Saturday, September 06, 2014
Reader's Diary #1061- Jeff Lemire: The Underwater Welder
Jeff Lemire's The Underwater Welder tells a story of a Nova Scotian man named Jack who's about to become a father. However, instead of focusing on this joyous occasion, Jack is literally haunted by his past— and to make matters worse, it's happening when he's under water.
I think the introduction by Damon Lindelof, in which he compares it to the Twilight Zone, helped set the eerie tone for me. That said, while I certainly enjoyed the creepy and mysterious aspect, what I've always admired the most about Lemire's stories are the relationships and introspection, whether he's trying his hand at familial drama, sci-fi, or ghost stories, and The Underwater Welder has the personal stuff in spades.
As for the artwork, Lemire still hasn't ventured away from those wobbly lines that I know aren't everyone's cup of tea. Likewise his cinematic approach of using far off or sudden close ups for mood or dramatic effect are still there. However, he still shows a lot more growth and experimentation. This time Lemire has also used gray watercolours that help accentuate the lonely, haunting qualities of ths story as well as the damp Nova Scotian setting. There's also an approach to paneling that I don't recall having encountered anywhere else before, in which a single object is divided into many panels. In this scene in particular, the divided panels help accentuate Jack's shaken identity:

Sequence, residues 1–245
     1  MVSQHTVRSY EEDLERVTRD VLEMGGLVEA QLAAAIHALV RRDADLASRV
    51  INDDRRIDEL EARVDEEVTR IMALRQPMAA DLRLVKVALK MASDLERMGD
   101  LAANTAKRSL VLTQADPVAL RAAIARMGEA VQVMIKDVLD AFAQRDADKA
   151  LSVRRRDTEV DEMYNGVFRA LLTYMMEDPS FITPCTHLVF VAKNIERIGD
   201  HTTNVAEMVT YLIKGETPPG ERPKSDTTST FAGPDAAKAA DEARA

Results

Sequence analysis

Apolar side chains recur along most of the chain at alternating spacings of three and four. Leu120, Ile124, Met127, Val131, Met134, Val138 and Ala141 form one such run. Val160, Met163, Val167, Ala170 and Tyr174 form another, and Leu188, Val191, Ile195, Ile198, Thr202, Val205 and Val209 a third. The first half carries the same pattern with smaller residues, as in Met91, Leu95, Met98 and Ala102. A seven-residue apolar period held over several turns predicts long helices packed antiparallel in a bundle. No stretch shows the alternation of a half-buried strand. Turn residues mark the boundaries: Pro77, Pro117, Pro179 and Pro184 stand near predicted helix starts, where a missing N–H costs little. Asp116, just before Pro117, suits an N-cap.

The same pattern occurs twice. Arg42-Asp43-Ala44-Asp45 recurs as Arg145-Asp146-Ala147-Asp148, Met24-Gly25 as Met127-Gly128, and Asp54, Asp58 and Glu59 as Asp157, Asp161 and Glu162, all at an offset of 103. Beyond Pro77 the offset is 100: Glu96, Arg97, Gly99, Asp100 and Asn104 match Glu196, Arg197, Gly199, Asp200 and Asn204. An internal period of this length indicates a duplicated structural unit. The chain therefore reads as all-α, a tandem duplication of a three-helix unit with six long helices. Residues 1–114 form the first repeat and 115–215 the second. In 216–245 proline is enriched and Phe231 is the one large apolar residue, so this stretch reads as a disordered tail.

The storytelling in the Underwater Welder is tight and amazing.